University foundations, engineering firms among major donors to bond campaign

Posted March 8, 2016

— The bulk of the $2 million raised on behalf of the Connect NC bond referendum came from foundations associated with the state's universities and community colleges, which stand to benefit from the $2 billion referendum.

That fundraising was disclosed in several reports filed this week. Although several of the contributions are listed as if they came from the universities themselves, bond committee spokesman Brad Crone said that all the donations came from private funds.

"No public institutions made any donations to the committee," Crone said.

The fundraising and spending by those in favor of the bond far outstrips the opposition, which reported raising just over $2,000 so far.

"I am not surprised," said Nicole Revels, the leader of NC Against the Bonds. "It has been my suspicion all along that the Connect NC bond campaign was being bankrolled by the potential beneficiaries."

Revels pointed to donations from architectural and engineering firms – companies that could apply to take part in the new construction should the bond pass. Among those donors are Stewart Engineering of Fayetteville ($2,500), W.K. Dickson & Co. of Charlotte ($5,000), Gilbane Building Co. of Providence, R.I., ($10,000) and Mulkey Engineering Consultants of Raleigh ($1,000).

"That causes me to question whether there is a pay-to-play environment for the upcoming bid process," she said.

Crone denied that charge.

"People who have an interest in the bond donate for it," he said. "The building community, yes, they clearly have an interest in the success of the bond. Is there pay to play? No more so than in any other element of politics."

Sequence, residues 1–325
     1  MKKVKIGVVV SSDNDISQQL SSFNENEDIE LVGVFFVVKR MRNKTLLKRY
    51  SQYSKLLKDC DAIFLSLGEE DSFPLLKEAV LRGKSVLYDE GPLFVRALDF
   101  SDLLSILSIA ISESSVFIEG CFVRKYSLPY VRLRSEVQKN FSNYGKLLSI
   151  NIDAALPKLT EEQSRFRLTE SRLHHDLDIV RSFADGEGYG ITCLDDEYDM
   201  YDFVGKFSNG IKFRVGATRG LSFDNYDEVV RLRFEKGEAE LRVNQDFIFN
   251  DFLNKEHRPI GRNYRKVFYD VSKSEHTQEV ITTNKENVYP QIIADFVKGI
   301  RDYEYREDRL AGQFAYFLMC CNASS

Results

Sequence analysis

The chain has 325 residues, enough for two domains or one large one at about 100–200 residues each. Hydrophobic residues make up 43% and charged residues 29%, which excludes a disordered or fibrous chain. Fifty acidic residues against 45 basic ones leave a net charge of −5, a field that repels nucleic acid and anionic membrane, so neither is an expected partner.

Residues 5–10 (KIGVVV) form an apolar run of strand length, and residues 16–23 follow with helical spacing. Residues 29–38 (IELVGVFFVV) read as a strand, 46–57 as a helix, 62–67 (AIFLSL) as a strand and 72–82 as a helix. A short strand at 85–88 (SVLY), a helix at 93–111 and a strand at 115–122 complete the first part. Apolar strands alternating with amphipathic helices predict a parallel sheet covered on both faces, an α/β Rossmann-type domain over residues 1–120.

He noted that any bond-funded projects would be put out to bid in a "laborious" state contracting process.

"Donation to the Connect NC committee does not translate into any kind of promise to work," Crone said. "It's rather insulting to make that assertion."

With early voting underway for the March 15 primary, voters have the option to approve or reject the bond. A WRAL News poll released Tuesday showed voters favoring the bond 45 percent to 18 percent, with more than a third undecided.

WRAL News poll: Primary 2016

More than half of spending from the bond would be earmarked for building projects for the University of North Carolina system. Another $350,000 would go toward community college buildings. So, it makes sense that donors associated with the UNC and community college systems would be among they major donors.

Among the individual donations was a $1,000 contribution from new UNC President Margaret Spellings and a $150,000 contribution from Jim Goodnight, the co-founder and chief executive of SAS Institute in Cary.

North Carolina State University's foundation gave $160,000, and UNC-Chapel Hill's foundation chipped in $35,000. Similar amounts came from foundations across the UNC system, as well as community college private funds.

"Most of the monies raised around the 2000 bond came from the foundations around university and community colleges systems, too," Crone said.

Other corporate donors include the North Carolina Chamber ($35,000), the North Carolina Community Colleges Foundation ($40,000), The Nature Conservancy ($5,000) and Duke Energy ($25,000).

Capitol Broadcasting Co., the parent of WRAL News, also contributed $10,000 to the bond effort.

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  • Barry Eriksen Mar 8, 2016
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    Kind of sleazy for the Connect NC Bond Committee to say they don't receive public money when there is almost $1 million that was donated to these public institutions being directed to them. Pay to play? You bet.